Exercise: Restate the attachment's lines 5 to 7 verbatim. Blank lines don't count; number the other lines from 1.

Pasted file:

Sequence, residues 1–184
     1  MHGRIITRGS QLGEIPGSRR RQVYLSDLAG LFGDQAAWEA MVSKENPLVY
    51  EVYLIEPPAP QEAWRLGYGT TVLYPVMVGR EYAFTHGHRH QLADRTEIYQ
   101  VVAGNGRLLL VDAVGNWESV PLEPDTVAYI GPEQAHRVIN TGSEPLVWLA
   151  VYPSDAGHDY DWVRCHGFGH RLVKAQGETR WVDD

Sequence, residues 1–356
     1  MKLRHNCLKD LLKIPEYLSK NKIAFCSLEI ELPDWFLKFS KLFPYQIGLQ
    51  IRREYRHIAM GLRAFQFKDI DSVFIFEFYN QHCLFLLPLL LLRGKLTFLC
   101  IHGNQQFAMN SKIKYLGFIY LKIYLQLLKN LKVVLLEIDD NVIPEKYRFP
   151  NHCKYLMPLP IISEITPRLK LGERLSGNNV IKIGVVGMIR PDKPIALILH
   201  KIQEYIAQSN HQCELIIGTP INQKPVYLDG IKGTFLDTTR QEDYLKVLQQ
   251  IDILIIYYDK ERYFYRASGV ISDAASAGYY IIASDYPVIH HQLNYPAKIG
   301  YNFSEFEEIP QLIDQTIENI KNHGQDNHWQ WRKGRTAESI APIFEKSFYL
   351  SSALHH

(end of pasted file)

   151  VYPSDAGHDY DWVRCHGFGH RLVKAQGETR WVDD

Sequence, residues 1–356
     1  MKLRHNCLKD LLKIPEYLSK NKIAFCSLEI ELPDWFLKFS KLFPYQIGLQ